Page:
Announcing The Mediocres


Had I attempted to file a story which cast aspersions on someone and included the statement “There is no evidence to support this impression,” the report says. when I was working for a newspaper I’d have been told to find some proof and re-read the law on defamation.

Had I attempted to file a story questioning the timing of a marriage I’d have been told that it is not a journalist’s job to seek and report on the feelings of grieving friends and relatives.

It’s only a few weeks since I asked what’s happened to the gatekeepers?

These two stories from the last couple of days are just the most recent examples which show that either the gatekeepers have gone or they’ve lost the ability to differentiate between news and gossip.

The Qantas Awards celebrate what’s supposed to be the best in New Zealand journalism. Cactus Kate questions that which made me think: the Skeptics have an annual Bent Spoon Award,  Fair Go has its Worst Ad Award,  is it time for a competition to find the lowest of the low in the media?

I think it is and am using the working title of  The Mediocres for them; but I’m open to a name which better illustrates that the award  is not for journalism which isn’t good, it’s for journalism which is really bad.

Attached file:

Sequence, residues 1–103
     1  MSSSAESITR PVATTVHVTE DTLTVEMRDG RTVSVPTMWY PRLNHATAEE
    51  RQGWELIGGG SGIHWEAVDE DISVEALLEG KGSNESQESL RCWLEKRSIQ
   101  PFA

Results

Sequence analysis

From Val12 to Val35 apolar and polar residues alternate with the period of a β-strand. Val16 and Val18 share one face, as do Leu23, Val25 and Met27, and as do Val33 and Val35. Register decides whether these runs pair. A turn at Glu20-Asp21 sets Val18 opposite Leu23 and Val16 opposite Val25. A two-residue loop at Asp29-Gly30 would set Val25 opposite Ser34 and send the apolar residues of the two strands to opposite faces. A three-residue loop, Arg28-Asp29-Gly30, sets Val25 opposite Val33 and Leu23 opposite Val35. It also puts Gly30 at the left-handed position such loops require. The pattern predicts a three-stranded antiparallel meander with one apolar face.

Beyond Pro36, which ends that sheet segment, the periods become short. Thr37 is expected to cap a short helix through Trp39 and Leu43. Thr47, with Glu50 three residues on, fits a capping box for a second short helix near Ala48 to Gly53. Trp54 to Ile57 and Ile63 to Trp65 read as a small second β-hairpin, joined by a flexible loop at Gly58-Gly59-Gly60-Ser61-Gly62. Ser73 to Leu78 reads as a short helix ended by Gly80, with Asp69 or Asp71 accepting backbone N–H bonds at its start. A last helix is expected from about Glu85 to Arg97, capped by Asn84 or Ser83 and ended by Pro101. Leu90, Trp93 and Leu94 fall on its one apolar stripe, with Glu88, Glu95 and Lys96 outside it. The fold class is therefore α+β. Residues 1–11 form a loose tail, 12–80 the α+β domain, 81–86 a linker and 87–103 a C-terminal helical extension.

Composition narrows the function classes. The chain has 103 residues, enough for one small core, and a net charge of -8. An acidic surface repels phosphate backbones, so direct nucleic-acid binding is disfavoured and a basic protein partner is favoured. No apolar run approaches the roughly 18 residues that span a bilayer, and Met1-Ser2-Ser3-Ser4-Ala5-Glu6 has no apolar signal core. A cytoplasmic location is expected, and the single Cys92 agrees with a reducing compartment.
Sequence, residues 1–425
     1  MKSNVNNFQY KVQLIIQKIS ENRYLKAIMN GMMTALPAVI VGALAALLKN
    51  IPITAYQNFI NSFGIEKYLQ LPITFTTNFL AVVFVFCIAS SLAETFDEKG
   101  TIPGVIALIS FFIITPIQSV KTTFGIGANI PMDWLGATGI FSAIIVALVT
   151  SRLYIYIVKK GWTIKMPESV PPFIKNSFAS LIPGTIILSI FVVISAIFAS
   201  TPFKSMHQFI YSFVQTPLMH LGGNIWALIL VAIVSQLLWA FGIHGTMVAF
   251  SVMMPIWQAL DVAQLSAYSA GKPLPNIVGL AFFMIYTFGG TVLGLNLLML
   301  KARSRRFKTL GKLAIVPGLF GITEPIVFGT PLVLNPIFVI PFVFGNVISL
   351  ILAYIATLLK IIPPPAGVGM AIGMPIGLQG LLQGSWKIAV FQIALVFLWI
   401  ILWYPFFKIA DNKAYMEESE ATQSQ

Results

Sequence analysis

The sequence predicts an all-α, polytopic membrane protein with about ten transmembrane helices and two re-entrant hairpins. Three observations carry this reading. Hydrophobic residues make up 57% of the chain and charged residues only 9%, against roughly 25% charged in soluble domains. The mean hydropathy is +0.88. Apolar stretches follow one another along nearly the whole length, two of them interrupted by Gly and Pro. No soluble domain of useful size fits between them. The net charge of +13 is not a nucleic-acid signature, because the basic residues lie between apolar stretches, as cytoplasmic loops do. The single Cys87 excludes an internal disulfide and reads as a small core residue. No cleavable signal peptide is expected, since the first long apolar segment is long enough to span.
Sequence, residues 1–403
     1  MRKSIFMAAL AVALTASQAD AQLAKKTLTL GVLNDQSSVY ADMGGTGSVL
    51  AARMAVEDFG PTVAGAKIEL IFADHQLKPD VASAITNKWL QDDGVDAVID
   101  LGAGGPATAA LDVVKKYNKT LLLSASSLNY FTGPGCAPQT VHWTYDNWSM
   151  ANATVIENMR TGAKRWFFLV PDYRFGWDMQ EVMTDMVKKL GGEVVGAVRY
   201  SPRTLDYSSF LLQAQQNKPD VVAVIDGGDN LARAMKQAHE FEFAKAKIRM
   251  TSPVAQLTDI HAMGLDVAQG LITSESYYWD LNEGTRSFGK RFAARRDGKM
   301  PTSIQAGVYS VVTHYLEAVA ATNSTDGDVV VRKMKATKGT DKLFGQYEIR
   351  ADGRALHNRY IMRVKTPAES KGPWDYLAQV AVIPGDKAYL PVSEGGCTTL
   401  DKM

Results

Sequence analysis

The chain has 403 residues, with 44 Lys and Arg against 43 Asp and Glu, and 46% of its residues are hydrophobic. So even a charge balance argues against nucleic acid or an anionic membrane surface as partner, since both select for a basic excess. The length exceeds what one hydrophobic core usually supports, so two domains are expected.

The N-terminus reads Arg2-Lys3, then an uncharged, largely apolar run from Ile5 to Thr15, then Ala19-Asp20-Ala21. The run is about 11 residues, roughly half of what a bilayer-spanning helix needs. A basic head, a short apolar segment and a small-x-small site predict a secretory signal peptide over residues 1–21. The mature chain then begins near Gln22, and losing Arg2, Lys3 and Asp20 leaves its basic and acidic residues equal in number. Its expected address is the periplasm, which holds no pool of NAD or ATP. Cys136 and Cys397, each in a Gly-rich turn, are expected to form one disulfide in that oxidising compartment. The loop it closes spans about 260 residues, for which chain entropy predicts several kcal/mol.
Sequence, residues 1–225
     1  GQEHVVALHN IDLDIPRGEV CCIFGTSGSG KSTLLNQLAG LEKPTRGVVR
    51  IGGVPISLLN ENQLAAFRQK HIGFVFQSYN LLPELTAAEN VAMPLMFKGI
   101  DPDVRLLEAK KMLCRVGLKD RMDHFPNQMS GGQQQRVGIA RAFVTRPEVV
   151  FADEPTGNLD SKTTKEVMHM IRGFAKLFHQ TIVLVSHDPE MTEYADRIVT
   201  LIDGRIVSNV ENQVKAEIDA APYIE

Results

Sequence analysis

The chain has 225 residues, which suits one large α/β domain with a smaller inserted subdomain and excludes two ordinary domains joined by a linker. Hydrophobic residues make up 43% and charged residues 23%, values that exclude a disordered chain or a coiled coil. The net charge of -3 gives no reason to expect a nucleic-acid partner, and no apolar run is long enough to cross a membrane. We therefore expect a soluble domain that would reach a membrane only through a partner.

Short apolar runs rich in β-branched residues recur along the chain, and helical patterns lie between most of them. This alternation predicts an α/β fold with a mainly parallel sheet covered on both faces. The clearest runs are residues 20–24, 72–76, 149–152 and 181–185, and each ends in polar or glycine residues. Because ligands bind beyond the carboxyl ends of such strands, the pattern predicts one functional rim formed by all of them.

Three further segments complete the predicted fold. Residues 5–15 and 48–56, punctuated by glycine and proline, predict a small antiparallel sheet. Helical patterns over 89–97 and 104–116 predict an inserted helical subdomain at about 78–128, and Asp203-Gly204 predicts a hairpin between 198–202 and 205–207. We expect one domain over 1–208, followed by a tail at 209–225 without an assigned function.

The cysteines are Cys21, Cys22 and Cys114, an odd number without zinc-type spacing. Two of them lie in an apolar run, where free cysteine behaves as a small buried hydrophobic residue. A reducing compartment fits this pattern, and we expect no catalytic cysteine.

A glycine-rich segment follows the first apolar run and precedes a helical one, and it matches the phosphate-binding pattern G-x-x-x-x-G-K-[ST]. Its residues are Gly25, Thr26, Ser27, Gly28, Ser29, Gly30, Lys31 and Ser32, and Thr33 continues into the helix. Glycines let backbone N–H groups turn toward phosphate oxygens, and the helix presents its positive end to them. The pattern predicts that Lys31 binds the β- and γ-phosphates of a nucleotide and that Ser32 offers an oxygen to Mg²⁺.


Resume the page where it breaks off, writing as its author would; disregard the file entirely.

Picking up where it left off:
I’m open to suggestions of who could judge theses awards and the criteria to be used.

Macdoctor’s definition of spam journalism: The spurious use of sensational headlines to add spice to an otherwise pointless article would be a good starting point – he’s already up to #32 in his series. But there’s a lot more to bad journalism than headlines which aren’t supported by the facts in the story.

In the interests of inclusion there will be a category for blogs too.

Monkeywithtypewriter thinks it’s time to consider a voluntary code for blogs. I don’t think that would work because those likely to adhere to the code will blog responsibly anyway and those who don’t won’t. But a Mediocre would stick a badge of shame on the worst.

The award needs a name, judges, judging criteria and nominations – your views and suggestions are welcomed.

P.S. If there’s a category for published typso typos in blogs I’d have to nominate myself.